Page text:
24-year-old podcaster turned VC scores $140 million from MIT, Spotify backer to invest

June 16, 2021, 12:00 PM UTC
Updated June 16, 2021, 8:05 PM UTC

Harry Stebbings, who while still a teenager made a name for himself in Silicon Valley with his popular The Twenty Minute VC podcast, has cemented his transformation from venture capital fanboy to full-fledged investor.

The London-based 24-year-old said his new venture capital firm, called 20VC, has raised two funds totaling $140 million from a list of top-tier investors, including the Massachusetts Institute of Technology’s endowment; RIT Capital Partners, the publicly traded investment vehicle founded by one branch of the Rothschild family; and Shakil Khan, an early investor in Spotify and cofounder, along with Spotify’s Daniel Ek, of the investment fund Prima Materia.

Also investing in the fund are several founders of successful startups, including Johnny Boufarhat, the CEO and founder of virtual events software platform Hopin, and Alex Will, cofounder and chief strategy officer at mental health app Calm.

Stebbings said that a $33 million fund will be dedicated to pre-seed and seed investments, each totaling between $250,000 to $500,000, and a larger, $107 million fund will target “growth stage” startups, with investments of $3 million to $5 million each.

He said the fund, in which he is the sole general partner and will make all the investment decisions, would back startups from anywhere in the world. Stebbings also noted that the successful founders who are also investors in 20VC’s funds would be able to provide operational assistance and advice to the companies in the firm’s portfolio.

An $8.3 million “micro” seed fund that Stebbings began managing under the 20VC name in April 2020 has made investments in several companies that experienced runaway growth during the COVID-19 pandemic, including Hopin and social media app Clubhouse, as well as RevenueCat, a startup whose technology makes it simple for companies to take in-app payments from users.

Stebbings is best known for his twice-weekly podcast, in which he interviews venture capitalists and entrepreneurs about how they do what they do for, as the name suggests, 20 minutes. Begun in 2014, it has garnered some 200,000 subscribers and has been downloaded more than 80 million times.

The podcaster made his first foray into making his own startup investments in 2018, when he joined veteran venture capitalist Fred Destin in creating Stride VC, a London-based firm focused on making seed investments. The fund got off to an inauspicious start: Just as Stride was courting investors for its first fund, Bloomberg News reported that at a previous fund, Destin had once made inappropriate sexual advances toward a female founder trying to raise money for her startup.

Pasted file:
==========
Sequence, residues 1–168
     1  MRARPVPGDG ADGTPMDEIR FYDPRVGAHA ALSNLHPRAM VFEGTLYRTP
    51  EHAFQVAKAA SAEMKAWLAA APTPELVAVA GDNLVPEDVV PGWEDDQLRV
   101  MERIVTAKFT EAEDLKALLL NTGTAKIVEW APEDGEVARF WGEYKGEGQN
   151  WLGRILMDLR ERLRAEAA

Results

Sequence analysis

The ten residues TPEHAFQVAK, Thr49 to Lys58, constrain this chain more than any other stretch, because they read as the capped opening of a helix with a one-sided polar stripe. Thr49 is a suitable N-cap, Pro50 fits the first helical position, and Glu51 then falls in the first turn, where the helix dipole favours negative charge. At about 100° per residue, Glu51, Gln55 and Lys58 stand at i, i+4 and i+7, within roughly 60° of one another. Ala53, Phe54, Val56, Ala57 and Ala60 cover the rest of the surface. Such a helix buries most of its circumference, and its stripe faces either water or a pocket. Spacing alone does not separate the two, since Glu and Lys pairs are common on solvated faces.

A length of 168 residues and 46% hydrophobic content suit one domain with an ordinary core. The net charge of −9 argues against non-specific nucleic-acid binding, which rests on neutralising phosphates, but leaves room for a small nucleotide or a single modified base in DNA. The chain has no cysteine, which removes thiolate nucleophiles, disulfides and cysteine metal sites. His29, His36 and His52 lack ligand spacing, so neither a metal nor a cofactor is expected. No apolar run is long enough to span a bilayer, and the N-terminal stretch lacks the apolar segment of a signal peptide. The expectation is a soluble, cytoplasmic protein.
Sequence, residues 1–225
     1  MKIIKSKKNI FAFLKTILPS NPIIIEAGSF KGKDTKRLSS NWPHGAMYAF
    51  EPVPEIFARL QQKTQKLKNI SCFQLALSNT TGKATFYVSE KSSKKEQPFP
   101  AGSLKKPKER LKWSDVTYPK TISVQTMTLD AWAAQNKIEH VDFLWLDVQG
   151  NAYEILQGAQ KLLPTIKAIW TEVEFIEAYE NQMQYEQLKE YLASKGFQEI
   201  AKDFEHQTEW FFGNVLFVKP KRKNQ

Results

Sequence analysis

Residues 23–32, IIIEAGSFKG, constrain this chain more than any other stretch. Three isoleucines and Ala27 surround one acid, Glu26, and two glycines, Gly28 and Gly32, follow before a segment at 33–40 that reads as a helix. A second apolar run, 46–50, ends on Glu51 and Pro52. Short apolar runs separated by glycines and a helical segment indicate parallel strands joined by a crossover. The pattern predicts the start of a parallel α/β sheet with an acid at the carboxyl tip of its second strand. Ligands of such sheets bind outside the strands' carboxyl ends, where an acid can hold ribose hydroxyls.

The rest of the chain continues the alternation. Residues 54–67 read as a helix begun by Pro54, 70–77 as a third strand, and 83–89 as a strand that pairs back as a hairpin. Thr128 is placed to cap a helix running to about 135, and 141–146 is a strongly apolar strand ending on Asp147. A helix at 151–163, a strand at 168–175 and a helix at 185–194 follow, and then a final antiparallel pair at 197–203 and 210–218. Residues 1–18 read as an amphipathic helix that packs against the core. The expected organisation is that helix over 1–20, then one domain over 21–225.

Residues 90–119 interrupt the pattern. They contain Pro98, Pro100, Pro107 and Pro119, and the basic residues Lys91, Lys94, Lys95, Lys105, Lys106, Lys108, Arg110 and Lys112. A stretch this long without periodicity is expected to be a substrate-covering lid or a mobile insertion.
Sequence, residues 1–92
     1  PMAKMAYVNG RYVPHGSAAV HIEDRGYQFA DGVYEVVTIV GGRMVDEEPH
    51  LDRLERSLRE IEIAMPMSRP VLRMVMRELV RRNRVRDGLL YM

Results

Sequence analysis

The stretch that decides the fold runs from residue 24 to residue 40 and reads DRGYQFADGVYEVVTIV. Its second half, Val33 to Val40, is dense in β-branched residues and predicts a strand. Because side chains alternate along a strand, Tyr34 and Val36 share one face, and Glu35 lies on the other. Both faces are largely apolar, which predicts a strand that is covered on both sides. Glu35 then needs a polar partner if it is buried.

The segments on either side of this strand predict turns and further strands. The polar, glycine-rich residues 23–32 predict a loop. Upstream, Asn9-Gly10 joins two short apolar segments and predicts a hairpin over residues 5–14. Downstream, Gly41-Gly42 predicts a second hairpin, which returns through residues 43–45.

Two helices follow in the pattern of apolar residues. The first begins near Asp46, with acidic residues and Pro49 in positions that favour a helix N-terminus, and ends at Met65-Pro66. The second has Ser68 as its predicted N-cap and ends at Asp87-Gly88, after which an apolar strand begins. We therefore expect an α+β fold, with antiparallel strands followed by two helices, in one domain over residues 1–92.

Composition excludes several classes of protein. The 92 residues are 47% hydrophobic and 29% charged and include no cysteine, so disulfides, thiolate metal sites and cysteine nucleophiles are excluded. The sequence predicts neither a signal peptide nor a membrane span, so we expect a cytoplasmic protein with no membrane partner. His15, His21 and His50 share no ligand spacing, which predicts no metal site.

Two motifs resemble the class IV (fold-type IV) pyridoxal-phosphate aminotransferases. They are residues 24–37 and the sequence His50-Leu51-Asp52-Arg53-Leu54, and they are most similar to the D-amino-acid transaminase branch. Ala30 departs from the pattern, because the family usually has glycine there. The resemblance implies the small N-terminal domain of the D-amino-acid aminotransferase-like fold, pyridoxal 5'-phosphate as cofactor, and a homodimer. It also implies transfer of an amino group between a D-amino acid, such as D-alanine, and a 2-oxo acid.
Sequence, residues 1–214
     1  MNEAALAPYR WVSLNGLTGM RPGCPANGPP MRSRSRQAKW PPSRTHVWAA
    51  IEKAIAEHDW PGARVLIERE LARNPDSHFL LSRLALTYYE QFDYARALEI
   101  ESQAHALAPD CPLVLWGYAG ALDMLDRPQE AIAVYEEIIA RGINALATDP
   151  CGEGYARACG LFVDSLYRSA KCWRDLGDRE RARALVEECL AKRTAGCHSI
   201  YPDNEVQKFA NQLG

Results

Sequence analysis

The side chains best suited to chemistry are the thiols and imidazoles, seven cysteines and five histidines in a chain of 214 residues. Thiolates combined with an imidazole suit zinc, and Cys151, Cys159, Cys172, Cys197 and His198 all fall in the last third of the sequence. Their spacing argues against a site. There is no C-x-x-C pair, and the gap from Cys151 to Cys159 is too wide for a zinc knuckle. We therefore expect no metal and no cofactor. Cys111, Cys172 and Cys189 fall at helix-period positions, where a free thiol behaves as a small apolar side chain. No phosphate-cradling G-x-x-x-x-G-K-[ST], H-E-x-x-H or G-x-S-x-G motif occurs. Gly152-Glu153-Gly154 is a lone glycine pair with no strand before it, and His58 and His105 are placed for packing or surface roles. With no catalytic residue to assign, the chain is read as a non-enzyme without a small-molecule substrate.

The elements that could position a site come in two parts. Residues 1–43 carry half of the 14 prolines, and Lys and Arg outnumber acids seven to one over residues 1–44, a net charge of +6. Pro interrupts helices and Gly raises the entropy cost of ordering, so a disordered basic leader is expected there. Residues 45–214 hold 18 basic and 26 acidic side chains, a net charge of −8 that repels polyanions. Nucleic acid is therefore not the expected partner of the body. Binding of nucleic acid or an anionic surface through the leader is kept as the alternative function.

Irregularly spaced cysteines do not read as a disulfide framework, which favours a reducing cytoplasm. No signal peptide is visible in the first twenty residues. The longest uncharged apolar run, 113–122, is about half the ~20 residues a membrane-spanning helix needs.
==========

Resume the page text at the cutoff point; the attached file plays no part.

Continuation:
Destin apologized for his conduct, saying he had sometimes “acted without awareness at parties.” Still, the story hurt Stride’s fundraising drive, and it wound up raising just £50 million ($70 million), half the amount it had initially targeted. (Stebbings says that Stride to eventually raise the full £100 million it had initially planned for, but that achievement of the milestone was never formally announced.)

Later, Stebbings began managing his 20VC microfund alongside his Stride role. He formally announced he was leaving Stride in February. (In May, Stride announced it has raised a second $138 million fund.)

Stebbings told Fortune that while he admired Destin and considered him a mentor and friend, their investing styles ultimately diverged. “He wants to invest one way and I wanted to do something else,” he said of Destin. He said Destin is primarily interested in investing in European startups, and that the veteran VC likes to lead investment rounds and take a seat on the boards of his portfolio companies. Stebbings said he wanted to invest globally, was happy to play a secondary role alongside other venture capital firms in funding rounds, and was not interested in having a formal governing role in the companies he finances.

“I don’t want to lead rounds and sit on boards,” Stebbings said. He said that once a venture capitalist is on a startup’s board it changes the relationship the investor can have with a founder, making it harder for the founder to confide in the venture capitalist and seek honest and frank advice. “If you say to a board member that you are struggling, they can fire you,” Stebbings said.

Still, in what may be the ultimate vote of confidence in his former protégé, Destin has personally invested in Stebbings’ 20VC fund.

This story has been updated to add Stebbings comments on Stride VC’s first fund eventually hitting its target size.

Subscribe to Fortune Daily to get essential business stories straight to your inbox each morning.

Read More

Artificial IntelligenceCryptocurrencyMetaverseCybersecurityTech Forward